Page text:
- Interactive command line interface and REST-based command interface to allow command and control from any environment
- Kafka Exactly Once Semantics support, along with traditional NonStop fault-tolerance, provide unparalled reliability and ensure that every transaction is streamed to Kafka
- Superior performance – uLinga’s well-proven C code-base and NonStop optimisations allow for transaction rates of 25,000 TPS and higher.
How uLinga for Kafka Can Benefit NonStop Applications
One major benefit of using Kafka is the extensive number of off-the-shelf connectors available for different third-party products. Kafka Connectors are ready-to-use components, which can help you import data from external systems into Kafka topics (source connectors) and export data from Kafka topics into external systems (sink connectors). Some are commercial products, while others are open source. Regardless of your application needs, chances are there is already an available connector for the application you want to integrate with. You just need to publish your message into Kafka, and the connector will do the rest.
You can take advantage of these available connectors by using uLinga to publish your NonStop data or messages to Kafka, which can be consumed by any number of sink connectors of your choice.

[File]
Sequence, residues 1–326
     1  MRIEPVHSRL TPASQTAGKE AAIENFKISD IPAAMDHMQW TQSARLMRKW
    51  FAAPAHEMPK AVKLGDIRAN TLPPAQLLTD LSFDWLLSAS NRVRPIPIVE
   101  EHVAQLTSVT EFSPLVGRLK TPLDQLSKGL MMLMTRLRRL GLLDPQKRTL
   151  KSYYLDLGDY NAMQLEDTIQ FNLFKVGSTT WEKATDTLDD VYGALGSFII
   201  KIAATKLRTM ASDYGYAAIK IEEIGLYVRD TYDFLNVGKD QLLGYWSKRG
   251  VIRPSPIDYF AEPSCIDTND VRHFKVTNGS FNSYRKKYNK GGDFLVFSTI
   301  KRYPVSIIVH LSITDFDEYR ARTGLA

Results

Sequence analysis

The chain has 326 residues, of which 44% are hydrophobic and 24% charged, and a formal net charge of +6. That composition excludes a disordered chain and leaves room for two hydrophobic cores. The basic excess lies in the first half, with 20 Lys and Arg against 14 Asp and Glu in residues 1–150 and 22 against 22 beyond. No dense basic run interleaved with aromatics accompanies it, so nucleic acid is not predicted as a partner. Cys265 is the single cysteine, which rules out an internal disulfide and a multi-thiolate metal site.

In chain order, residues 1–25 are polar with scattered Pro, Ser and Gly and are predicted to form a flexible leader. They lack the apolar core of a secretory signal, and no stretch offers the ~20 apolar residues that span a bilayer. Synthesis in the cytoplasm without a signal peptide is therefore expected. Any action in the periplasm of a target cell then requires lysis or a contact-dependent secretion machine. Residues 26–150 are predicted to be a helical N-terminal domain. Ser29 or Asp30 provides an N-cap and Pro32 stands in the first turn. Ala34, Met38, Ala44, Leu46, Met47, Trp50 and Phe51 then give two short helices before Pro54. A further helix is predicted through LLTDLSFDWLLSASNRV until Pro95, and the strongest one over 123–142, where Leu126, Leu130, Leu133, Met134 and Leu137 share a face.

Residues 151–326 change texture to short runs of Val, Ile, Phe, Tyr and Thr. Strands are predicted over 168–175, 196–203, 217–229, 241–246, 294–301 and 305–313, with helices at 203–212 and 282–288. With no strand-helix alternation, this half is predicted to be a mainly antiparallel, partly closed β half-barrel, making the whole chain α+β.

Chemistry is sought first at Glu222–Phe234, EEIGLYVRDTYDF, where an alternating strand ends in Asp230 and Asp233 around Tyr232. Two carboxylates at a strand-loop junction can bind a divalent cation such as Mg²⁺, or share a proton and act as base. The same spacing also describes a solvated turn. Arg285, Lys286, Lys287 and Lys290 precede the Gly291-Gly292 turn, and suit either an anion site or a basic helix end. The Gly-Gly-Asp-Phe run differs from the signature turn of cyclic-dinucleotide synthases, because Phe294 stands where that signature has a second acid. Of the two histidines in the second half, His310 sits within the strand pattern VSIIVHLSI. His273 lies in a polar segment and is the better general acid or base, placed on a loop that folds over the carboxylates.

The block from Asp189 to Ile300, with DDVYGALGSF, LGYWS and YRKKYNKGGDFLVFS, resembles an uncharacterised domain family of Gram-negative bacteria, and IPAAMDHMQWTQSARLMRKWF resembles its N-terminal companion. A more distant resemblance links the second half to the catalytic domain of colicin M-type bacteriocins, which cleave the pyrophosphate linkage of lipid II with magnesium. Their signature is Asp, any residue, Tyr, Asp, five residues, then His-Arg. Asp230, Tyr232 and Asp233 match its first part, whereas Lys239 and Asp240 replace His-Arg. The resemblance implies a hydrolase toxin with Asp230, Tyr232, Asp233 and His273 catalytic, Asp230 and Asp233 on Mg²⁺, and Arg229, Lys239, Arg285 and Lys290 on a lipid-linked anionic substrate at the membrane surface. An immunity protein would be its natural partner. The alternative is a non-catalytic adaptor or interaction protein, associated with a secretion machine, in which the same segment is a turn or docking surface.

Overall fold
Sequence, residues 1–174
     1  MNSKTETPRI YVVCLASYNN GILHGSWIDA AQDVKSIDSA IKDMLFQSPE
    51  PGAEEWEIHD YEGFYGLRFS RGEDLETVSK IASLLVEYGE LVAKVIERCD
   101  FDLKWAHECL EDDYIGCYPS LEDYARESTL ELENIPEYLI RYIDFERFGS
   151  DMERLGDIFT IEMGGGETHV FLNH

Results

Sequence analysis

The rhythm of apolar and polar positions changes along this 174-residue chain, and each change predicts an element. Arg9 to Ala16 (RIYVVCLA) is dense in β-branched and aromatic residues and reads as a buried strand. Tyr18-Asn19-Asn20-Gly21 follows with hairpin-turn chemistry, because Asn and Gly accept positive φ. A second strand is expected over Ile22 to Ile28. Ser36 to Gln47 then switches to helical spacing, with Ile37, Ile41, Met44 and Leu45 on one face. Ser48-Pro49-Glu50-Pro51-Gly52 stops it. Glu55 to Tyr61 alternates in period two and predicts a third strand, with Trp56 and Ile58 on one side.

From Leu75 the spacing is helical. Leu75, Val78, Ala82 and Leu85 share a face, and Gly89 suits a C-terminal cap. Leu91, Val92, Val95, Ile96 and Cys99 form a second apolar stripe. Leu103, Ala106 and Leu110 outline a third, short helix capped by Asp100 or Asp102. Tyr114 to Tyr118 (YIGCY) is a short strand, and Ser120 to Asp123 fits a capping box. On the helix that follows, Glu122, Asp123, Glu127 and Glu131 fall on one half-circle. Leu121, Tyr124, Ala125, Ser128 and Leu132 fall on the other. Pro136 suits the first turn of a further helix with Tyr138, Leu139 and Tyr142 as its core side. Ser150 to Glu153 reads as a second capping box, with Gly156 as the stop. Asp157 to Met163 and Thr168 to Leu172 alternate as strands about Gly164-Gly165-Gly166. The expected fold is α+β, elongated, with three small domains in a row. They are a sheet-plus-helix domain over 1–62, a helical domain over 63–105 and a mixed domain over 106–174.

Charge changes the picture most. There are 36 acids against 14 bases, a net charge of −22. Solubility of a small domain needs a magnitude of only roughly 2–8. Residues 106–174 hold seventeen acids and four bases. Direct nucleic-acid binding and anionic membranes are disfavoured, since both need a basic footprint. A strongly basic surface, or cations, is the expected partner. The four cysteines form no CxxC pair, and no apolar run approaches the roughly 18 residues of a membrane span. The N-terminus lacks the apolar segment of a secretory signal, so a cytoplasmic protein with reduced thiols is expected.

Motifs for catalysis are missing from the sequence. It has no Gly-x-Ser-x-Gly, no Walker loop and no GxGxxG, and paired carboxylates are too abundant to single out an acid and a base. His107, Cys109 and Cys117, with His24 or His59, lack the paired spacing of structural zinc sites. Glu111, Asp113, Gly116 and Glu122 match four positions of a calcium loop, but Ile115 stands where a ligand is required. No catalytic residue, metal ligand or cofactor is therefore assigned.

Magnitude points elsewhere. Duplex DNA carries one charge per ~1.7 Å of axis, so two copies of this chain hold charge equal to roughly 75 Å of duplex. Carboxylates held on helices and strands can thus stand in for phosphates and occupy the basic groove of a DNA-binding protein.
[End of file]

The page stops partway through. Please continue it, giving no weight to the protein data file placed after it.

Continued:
Use Case: Log Analysis
With uLinga, you can send NonStop application logs or system events to Kafka for real time analysis by off-platform SIEM (Security Information and Event Management) packages, log analysis tools like Splunk, or observability platform like New Relic One.
Use Case: Database replication
uLinga can work in concert with database replication products like Gravic’s Shadowbase to send NonStop changed data to Kafka for use by other database platforms like SQL Server or Oracle.
Use Case: Application Integration
uLinga enables your NonStop applications to easily generate workflow events or send messages to applications running on other platforms like Windows or Linux, or even third-party packages like SAP. An example could be a Base24 transaction on NonStop resulting in a message being sent to another system for back-office reconciliation. Kafka is increasingly being used as a foundation for fraud detection systems, and with real-time transaction data being sent by uLinga, that data can easily be integrated with Kafka-based fraud detection systems. All these messages can be delivered by Kafka in a reliable and asynchronous manner, and not slow down processing on the NonStop independent of the target system consumers. Your NonStop application can accomplish that by sending an IPC message to uLinga, or simply writing a record to a file being monitored by uLinga. This allows NonStop to seamlessly integrate well with the rest of the enterprise environment.
Hopefully this article has given you an idea of how Kafka works, what is possible with it, and how you might integrate and modernize your NonStop applications and data by integrating with Kafka. If you’d like to learn more about uLinga for Kafka, please get in touch – it’s easy to arrange a demo or Proof of Concept, to allow you to see how it performs in your environment.
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Phil Ly is the president and founder of TIC Software, a New York-based company specializing in software and services that integrate NonStop with the latest technologies, including Web Services, .NET and Java. Prior to founding TIC in 1983, Phil worked for Tandem Computer in technical support and software development.